ACM Career & Job Center
The ACM Career & Job Center is the perfect place for job seekers and employers in the computing industry to connect with each other.
Job Seekers: Whether your focus is media, design, user-interface, HCI, security, gaming, graphics, hardware or software, the ACM Career & Job Center will assist you with finding your next great career opportunity in our searchable database of information technology/computing jobs. Search hundreds of computing jobs, in both academia and corporate: faculty, Academic IT jobs, Academic computer jobs, Postdoc, Lecturer, Professor, Research jobs, University positions, PhD; Practitioner, Programmer , Information Systems, Software engineer, Software developer, Computer programming, database administrators, technology managers. Post your resume, and take advantage of the free career tools for job seekers.
Employers: Get started today by creating a company profile, posting your available jobs, searching resumes, and begin your search for the ideal candidate.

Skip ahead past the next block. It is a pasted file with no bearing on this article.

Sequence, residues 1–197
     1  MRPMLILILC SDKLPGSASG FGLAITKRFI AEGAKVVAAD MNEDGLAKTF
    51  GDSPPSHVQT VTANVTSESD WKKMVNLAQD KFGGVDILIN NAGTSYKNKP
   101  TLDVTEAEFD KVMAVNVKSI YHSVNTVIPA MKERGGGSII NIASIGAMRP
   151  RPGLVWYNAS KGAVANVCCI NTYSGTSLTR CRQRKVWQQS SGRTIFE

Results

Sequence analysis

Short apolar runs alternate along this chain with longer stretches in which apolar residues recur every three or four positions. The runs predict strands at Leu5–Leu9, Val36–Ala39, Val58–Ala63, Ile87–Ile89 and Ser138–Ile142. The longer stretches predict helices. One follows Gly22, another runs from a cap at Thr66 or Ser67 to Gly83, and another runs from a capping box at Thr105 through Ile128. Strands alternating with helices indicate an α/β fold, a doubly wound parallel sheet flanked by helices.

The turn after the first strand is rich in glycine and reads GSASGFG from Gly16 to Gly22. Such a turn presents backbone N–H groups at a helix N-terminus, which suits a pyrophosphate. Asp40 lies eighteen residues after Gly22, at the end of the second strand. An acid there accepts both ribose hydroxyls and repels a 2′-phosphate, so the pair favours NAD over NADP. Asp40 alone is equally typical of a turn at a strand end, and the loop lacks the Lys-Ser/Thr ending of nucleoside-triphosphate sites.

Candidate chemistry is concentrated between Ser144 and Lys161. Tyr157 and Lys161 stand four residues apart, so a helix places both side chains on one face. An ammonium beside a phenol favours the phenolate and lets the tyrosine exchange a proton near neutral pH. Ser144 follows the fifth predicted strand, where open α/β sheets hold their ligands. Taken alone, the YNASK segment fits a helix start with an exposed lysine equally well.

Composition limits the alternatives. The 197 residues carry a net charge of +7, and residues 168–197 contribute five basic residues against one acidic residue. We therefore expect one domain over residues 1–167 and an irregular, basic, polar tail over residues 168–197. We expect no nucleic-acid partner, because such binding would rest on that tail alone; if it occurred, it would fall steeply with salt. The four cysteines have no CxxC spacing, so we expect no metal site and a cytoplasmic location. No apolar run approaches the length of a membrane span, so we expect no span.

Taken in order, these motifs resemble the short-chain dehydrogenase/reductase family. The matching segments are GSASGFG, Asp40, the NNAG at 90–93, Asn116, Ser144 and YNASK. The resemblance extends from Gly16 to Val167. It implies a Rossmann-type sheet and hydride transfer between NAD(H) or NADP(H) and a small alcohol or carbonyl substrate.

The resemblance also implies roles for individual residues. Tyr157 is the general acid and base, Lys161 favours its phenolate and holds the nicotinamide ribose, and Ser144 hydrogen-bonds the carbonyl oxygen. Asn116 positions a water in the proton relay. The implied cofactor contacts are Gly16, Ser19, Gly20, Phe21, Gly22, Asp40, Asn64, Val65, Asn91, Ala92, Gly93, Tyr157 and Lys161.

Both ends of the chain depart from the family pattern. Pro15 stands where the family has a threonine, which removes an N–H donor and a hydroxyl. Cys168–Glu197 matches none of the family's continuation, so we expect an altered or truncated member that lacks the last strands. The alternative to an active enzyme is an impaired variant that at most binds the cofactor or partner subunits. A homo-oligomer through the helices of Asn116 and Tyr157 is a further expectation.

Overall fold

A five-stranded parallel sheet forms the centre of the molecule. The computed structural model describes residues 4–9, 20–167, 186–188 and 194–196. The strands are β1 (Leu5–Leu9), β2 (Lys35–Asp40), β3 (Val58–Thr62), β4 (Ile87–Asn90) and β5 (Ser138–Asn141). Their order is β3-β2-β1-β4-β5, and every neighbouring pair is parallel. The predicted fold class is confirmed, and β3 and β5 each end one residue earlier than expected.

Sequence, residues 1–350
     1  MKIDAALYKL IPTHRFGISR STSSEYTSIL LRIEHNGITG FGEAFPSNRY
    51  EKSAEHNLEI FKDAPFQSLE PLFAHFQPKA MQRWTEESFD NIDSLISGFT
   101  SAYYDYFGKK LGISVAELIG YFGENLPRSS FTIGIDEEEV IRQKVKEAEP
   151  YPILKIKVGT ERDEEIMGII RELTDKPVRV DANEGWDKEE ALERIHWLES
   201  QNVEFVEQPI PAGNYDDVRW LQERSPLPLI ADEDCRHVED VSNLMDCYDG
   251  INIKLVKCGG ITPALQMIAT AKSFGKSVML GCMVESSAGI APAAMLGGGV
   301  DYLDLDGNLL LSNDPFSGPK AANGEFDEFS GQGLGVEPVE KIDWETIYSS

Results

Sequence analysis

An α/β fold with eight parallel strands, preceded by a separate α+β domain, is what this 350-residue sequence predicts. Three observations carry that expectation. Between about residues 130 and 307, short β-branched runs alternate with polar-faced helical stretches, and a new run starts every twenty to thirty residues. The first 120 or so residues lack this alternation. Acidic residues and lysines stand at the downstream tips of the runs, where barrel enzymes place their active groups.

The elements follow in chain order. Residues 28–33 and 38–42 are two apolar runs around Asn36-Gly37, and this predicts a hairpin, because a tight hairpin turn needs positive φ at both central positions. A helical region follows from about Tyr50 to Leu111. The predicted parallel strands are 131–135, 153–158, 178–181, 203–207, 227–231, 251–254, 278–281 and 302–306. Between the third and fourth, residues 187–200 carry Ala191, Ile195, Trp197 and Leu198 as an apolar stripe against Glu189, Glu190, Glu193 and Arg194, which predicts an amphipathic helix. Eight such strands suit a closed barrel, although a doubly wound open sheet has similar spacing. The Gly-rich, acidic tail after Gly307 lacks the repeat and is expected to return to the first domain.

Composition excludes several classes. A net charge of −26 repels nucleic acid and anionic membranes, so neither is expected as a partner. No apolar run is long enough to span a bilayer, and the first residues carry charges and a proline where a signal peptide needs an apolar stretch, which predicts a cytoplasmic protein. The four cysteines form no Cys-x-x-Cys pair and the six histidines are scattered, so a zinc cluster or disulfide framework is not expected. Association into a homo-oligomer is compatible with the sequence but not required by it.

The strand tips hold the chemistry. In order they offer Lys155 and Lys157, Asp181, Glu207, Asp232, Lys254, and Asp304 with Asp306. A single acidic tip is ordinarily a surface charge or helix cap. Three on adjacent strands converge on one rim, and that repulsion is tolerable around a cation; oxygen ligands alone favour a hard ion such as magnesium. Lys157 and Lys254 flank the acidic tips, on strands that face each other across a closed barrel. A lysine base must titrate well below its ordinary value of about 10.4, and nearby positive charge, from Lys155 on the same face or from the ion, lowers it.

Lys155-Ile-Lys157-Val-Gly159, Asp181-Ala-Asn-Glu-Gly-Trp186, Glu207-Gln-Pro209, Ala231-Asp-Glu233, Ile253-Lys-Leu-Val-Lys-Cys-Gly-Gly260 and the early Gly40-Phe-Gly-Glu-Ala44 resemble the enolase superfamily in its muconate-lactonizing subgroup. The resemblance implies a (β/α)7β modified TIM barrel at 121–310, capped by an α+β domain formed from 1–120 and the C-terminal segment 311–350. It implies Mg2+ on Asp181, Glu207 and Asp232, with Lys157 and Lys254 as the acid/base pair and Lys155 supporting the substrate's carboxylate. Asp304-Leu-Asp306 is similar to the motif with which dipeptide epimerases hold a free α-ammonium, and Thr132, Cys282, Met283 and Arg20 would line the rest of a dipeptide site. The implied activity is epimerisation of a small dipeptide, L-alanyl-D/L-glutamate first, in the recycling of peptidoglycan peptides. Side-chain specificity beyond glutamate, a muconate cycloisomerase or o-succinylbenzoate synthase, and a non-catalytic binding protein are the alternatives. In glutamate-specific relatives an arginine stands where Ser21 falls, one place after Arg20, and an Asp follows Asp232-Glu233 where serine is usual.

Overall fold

To view jobs or to post an open position, go to jobs.acm.org.
ACM Queue’s “Research for Practice” is your number one resource for keeping up with emerging developments in the world of theory and applying them to the challenges you face on a daily basis. In this installment, Dan Crankshaw and Joey Gonzalez provide an overview of machine learning server systems. What happens when we wish to actually deploy a machine learning model to production, and how do we serve predictions with high accuracy and high computational efficiency? Dan and Joey’s curated research selection presents cutting-edge techniques spanning database-level integration, video processing, and prediction middleware. Given the explosion of interest in machine learning and its increasing impact on seemingly every application vertical, it's possible that systems such as these will become as commonplace as relational databases are today.
Why I Belong to ACM
Hear from Bryan Cantrill, vice president of engineering at Joyent, Ben Fried chief information officer at Google, and Theo Schlossnagle, OmniTI founder on why they are members of ACM.
Written by leading domain experts for software engineers, ACM Case Studies provide an in-depth look at how software teams overcome specific challenges by implementing new technologies, adopting new practices, or a combination of both. Often through first-hand accounts, these pieces explore what the challenges were, the tools and techniques that were used to combat them, and the solution that was achieved.